Thankfully, he was successful that very last day of season, taking a medium sized doe (she dressed out at 100 pounds). Then we faced the dilemma of late late season hunting: what to do with her! It was bitterly cold outside, with quite a strong wind, making washing her out with the hose after gutting a difficult task (a hose is kept in basement during hunting season, and when needed, hooked up to the laundry sink and run out the door of the laundry room to the patio, where the deer get rinsed once it's too cold to use the outdoor faucet on the south side of the house). We knew that once hung in the barn, even out of the wind, she would be frozen solid if we left her to hang and age the meat our customary 2-5 days before cutting her up.
So we hung her in the barn overnight, DH got off work an hour or two early on the 2nd, and we set to skinning her as soon as he got home and put some warm outdoor clothes on. Her hide was frozen stiff at that point, and she had red icicles where the rinse water had frozen even before it had a chance to run clear the night before.
Both DH and I were pretty dang cold by the time we got her hide pried off. Not the best skinning job we've ever done, and I ended up with deer hair in my face, which is not a good thing since I am allergic to it. The meat doesn't bother me, and I can touch the hides, but if a loose hair gets in my face, I'm done for!
Sure enough, I could feel my right eye swell, my nose start to run, and the sneezing fits began. DH decided we should just take her in the house to quarter her, and so he took her down from the hook the gambrel was on, and carried her to the house while I ran for my bottle of Benadryl!
Here's one great example of how we at this little place here are not quite typical. Because typically, you would never find a decapitated, skinless deer laying on the kitchen island with it's front legs cut off at the knees and it's hind legs still hooked through the tendons to a gambrel. But at this little place here. . . .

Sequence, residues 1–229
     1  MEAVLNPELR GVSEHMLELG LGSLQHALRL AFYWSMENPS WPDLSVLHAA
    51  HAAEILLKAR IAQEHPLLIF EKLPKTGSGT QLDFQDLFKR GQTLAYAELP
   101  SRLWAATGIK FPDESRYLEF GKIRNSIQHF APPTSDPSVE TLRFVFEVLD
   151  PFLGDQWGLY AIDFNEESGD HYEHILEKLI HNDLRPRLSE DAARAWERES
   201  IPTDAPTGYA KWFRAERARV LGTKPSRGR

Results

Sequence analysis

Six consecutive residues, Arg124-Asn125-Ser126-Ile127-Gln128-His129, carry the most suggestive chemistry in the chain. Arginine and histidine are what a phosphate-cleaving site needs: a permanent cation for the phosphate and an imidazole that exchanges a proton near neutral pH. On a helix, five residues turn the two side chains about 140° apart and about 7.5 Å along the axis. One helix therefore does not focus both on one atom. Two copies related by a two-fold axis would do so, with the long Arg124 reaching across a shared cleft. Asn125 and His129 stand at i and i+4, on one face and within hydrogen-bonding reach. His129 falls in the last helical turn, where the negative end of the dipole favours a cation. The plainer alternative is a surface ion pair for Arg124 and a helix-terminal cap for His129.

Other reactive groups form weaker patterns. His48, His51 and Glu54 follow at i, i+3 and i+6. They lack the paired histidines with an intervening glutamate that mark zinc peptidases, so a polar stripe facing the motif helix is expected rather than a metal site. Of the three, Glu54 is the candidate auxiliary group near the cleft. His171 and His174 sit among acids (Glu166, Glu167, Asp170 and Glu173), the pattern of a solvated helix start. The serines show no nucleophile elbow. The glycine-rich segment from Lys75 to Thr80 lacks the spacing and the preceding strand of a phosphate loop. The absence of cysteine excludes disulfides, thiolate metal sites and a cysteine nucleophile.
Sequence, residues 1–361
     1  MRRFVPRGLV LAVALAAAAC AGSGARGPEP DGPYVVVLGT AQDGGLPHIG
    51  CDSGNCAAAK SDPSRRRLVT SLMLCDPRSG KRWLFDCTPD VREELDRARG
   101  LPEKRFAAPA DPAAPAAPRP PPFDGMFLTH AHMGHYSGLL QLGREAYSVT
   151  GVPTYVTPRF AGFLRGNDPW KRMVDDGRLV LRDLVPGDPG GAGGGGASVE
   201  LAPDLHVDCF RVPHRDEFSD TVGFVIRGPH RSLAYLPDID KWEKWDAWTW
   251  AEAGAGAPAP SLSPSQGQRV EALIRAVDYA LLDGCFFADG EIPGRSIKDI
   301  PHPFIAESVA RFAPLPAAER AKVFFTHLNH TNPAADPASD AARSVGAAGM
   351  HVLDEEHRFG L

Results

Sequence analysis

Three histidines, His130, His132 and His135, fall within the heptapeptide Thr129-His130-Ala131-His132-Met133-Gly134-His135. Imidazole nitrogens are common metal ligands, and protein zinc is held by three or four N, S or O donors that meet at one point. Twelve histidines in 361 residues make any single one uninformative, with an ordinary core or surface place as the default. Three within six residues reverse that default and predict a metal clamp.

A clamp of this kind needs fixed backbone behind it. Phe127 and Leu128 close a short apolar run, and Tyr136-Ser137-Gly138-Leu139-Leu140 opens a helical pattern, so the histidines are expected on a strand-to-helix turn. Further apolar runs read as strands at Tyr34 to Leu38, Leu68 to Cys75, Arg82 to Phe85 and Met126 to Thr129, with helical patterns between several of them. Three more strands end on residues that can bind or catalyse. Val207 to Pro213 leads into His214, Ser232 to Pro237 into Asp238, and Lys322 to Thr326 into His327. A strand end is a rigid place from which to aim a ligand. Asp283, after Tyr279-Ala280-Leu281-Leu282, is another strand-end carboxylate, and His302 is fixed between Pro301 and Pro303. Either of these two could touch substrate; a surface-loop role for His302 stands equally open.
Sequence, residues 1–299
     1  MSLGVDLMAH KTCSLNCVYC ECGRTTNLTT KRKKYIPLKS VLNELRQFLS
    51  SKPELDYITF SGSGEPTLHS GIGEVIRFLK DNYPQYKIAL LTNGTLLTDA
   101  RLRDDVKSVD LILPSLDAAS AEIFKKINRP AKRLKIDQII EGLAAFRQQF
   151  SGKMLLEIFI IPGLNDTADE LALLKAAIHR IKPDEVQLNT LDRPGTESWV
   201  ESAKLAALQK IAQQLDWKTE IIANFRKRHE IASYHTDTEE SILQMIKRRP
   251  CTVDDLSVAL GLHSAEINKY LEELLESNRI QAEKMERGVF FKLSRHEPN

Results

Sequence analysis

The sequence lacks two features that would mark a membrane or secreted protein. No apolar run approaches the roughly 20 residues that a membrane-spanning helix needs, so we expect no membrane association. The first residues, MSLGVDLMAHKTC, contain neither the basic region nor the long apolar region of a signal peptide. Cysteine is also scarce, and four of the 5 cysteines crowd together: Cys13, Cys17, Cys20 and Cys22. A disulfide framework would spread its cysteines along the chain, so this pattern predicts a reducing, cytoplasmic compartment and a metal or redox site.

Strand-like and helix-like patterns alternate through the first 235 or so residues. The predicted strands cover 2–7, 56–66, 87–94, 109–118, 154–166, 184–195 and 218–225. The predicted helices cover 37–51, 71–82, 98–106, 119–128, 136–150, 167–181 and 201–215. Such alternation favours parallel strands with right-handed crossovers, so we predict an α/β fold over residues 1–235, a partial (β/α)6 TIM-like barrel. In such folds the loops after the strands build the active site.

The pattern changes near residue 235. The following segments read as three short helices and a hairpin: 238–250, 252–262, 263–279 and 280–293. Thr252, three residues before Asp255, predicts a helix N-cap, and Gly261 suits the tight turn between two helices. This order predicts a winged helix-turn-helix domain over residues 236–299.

Since we did want to let the meat age a bit before we went ahead and deboned it, cut it up and packaged it, all that we did that day was to remove the hind legs at the hocks (and laugh at them sticking hoof-first out of the trash can--butchering can make you a bit loony. Or maybe the cold had reached our brains. . .), and cut the doe into quarters. Each quarter we put into a plastic bag and then set down in the cellar, where the temperature was closer to 40 degrees than zero degrees.
tools of the trade, washed up and ready to be put away after quartering out the deer
(and ingredients for a batch of granola about to be made sitting on the island)
The quarters aged in the cellar sat until the fourth, when DH finished cutting them up. He decided that he was going to take all the burger meat and make sausage out of it. So out came the spices and the curing salt, and we mixed up nearly forty pounds of meat for hunter sticks. (Yes, I do think that was rather overkill, I mean forty pounds?!? Guess what DH is going to be getting in his lunch box for the next year!)
Then, after the meat had sat with its seasonings mixed in for 24 hours, DH and DS2 set to work stuffing the sausage casings. Unfortunately, the hunter stick casings DH had bought in November with his brand new stuffer were not enough to stuff 20-some pounds of hunter sticks in November and another forty in January. In other words, he ran out of casings shortly before running out of seasoned meat.
But never fear! We have a dehydrator! And lots of people make jerky out of ground meat (just never us, at least, until that point). So he just grabbed a couple of dehydrator trays and continued cranking sausage meat out of the stuffer and onto the trays, sans casing.
Well, after 'cooking' in the dehydrator, we had some sausage/really tender jerky that tasted wonderful. Even if it does look rather more like something your cat leaves in it's litter box than anything you'd voluntarily eat.